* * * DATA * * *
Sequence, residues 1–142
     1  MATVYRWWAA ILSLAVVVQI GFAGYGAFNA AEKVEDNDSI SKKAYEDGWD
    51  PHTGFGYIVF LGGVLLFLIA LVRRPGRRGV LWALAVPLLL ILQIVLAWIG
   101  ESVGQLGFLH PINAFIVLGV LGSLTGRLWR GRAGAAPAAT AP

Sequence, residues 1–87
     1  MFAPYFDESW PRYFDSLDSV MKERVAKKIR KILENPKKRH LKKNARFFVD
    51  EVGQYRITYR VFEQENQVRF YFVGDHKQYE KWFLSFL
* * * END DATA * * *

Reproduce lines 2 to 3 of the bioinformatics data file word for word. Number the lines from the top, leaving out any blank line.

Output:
     1  MATVYRWWAA ILSLAVVVQI GFAGYGAFNA AEKVEDNDSI SKKAYEDGWD
    51  PHTGFGYIVF LGGVLLFLIA LVRRPGRRGV LWALAVPLLL ILQIVLAWIG